What Lebanon Was Like Before The War


Ever wondered what Lebanon before the war was like? After the 45th anniversary of the civil war, we decided to take a trip to the past and see what Lebanon was like before those days.

#1 Jounieh, 1950

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Jounieh, 1950. Recolored by me.

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As seen in the pictures (swipe for the original), Lebanon’s pollution problem was non-existent. The beach was clear and clean from waste, plastic bottles, and candy wrappers.

#2 Araya Train Station, 1968

A 408km railway once connected cities across Lebanon. The train stations have been inactive since the days of the war. Some were destroyed or removed to build over, and others still remain as historic relics. This specific train station in Araya is sometimes used as a filming location.

 #3 Beirut Raouche, 1966 

The Raouche Rocks have always been a sight of attraction, but how much fame is too much? Being once a quiet place to relax, this has now become one of the busiest corners in Beirut – a true tourist location.

#4 Barakat Building, Beirut Sodeco, 1971

The Barakat building has been restored and is now a museum named Beit Beirut where many artists showcase their projects. It has become a cultural center celebrating the history of Beirut.

#5 Tripoli, 1971

Tripoli was once famous for its ample orchards of lemons and oranges which aroma hovered all over the city, mingling with the sweet scent of jasmine that abounded in the gardens and balconies.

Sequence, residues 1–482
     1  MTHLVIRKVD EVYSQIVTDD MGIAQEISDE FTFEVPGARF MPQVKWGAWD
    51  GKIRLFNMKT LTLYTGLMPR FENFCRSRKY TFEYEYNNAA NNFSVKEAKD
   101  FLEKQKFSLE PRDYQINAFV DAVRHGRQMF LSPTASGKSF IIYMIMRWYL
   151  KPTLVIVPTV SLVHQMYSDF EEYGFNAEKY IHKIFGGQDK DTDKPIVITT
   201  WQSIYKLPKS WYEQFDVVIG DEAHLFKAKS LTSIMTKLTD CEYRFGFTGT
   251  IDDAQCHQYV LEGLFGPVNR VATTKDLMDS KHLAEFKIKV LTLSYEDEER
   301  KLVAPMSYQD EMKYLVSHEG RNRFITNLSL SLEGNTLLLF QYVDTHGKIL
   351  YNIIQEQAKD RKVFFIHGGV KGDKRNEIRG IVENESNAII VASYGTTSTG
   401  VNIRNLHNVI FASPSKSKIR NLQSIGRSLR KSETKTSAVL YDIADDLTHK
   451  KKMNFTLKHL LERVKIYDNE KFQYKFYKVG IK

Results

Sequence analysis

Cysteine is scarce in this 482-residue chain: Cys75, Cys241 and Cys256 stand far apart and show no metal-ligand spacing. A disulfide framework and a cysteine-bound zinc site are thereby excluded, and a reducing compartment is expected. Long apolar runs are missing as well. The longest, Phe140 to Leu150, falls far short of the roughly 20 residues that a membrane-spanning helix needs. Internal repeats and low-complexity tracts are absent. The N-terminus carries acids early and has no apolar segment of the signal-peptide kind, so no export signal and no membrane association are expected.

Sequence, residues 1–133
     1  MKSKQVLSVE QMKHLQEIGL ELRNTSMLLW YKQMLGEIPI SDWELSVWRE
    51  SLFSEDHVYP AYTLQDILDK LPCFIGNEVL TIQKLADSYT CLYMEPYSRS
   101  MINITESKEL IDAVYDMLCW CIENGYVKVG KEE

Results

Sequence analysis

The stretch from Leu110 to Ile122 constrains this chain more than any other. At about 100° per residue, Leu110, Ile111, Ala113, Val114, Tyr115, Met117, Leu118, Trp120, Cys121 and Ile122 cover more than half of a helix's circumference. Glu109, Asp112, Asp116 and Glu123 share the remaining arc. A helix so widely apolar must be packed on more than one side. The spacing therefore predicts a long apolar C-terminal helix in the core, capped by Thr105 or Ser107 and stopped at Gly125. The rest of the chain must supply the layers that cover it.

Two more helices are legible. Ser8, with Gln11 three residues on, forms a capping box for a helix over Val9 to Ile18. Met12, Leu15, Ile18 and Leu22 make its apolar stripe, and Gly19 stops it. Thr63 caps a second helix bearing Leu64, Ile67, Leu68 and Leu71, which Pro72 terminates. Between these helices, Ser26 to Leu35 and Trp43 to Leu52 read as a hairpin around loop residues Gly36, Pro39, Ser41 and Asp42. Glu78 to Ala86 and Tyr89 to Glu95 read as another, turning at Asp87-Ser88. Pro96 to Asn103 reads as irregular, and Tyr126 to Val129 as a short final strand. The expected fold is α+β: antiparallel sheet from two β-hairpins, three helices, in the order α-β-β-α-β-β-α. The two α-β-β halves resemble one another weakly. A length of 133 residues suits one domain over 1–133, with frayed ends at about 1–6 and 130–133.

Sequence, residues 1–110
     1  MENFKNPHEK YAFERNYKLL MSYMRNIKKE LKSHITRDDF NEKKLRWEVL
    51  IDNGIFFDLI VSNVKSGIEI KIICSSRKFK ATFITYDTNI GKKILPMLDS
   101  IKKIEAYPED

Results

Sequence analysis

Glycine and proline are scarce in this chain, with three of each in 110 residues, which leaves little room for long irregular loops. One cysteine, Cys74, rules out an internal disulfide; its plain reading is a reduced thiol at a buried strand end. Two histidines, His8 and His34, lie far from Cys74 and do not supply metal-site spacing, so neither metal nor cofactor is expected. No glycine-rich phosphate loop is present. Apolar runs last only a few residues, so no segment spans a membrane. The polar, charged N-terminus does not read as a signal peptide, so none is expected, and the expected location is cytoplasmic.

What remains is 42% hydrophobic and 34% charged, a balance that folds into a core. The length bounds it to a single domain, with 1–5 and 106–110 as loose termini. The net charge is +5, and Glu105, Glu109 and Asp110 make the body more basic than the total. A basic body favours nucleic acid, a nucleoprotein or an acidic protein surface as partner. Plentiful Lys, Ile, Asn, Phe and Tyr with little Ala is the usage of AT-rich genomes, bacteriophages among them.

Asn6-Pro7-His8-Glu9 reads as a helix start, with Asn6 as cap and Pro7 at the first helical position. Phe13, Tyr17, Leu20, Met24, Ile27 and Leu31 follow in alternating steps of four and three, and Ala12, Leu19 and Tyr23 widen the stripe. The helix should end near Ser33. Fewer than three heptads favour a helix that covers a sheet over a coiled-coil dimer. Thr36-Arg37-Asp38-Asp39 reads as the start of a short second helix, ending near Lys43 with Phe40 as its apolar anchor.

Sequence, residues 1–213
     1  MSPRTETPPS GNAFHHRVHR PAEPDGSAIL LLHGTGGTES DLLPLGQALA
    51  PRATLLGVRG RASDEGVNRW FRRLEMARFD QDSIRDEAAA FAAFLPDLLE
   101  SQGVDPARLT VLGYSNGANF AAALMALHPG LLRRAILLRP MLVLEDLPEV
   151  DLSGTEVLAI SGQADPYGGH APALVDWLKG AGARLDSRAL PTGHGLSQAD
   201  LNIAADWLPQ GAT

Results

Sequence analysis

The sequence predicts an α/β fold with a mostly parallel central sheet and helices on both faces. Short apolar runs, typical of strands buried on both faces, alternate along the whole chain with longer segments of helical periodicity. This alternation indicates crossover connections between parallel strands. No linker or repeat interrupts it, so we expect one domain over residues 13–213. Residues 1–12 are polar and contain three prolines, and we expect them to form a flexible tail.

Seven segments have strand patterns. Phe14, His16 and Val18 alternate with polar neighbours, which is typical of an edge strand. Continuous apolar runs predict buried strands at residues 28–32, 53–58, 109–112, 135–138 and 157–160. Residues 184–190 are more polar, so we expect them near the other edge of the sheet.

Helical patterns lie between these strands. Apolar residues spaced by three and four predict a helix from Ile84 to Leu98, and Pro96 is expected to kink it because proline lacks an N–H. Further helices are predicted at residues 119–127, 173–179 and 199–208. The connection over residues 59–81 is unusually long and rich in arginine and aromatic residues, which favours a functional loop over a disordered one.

#6 American University Hospital, 1955

The American University Hospital (AUH) is now known as American University Medical Center (AUBMC). It is one of the best hospitals in Lebanon.

#7 Beirut International Airport, 1962

Before being destroyed in the civil war, the airport was known as Beirut International Airport. Today, it is called Rafik Hariri International Airport as a tribute to the former prime minister who rebuilt it.

#8 Manara, 1971

Al-Manara touted the view of open space with greenery, which has now been exchanged with tall buildings and heavy traffic.

#9 International College of Beirut, 1962

International College of Beirut (IC) is still a prestigious school today and is proud to have brought up many successful graduates.

#10 Martyrs’ Square, Beirut, 1960s

Martyrs’ Square was a popular center where you could find buses or taxis, have coffee at a cafe, visit its small hotels and cinemas. During the war, it became the point that divided the city in half.

A competition was launched to design a new square and open it to the sea. Today, the square is a couple of parking lots devoid of the greenery and liveliness it used to have. It has recently become the center for the October 17 revolution.

#11 Man in the market, 1969

The traditional flat-topped red hat called the Fez or “tarboosh” was commonly worn by men in Lebanon. Here you can see a man wearing one and reading a newspaper in the market. Some souks in Lebanon retained that old souk style, such at the souks in Tripoli.

#12 Beirut Gold Souk, 1972

The souks of Beirut, like Souk al-Tawileh and Souk al-Jamil, were frequented by Lebanese and European shoppers alike. This is the Lebanese-born model Mona Ross in the Beirut Goldsmith’s souk. Fashion trends from the 70s have been making a comeback in recent years.

#13 AUB Student, 1966

An elegant student posing on campus between classes. Knee-length skirts were the latest dresscode of fashion forward young ladies, especially in fashion hubs like Beirut.

#14 St. George Hotel, 1967

Built in the late 1920s, the Saint George Hotel was alive and bustling until being severely damaged in the civil war, then again during the assassination of former Prime Minister Rafik Hariri.

#15 MEA Check-in Counter, 1969

The Middle East Airlines (MEA) check-in counter at Beirut International Airport looks completely different today.

Let that simplicity fool you not. Beirut airport was back then as active as the capital that was a magnet of entertainment, fashion, art, a venue for international movie shootings, and the regular host of numerous celebrities and prominent visitors.

And here is what Lebanon “in motion” was like in 1968:

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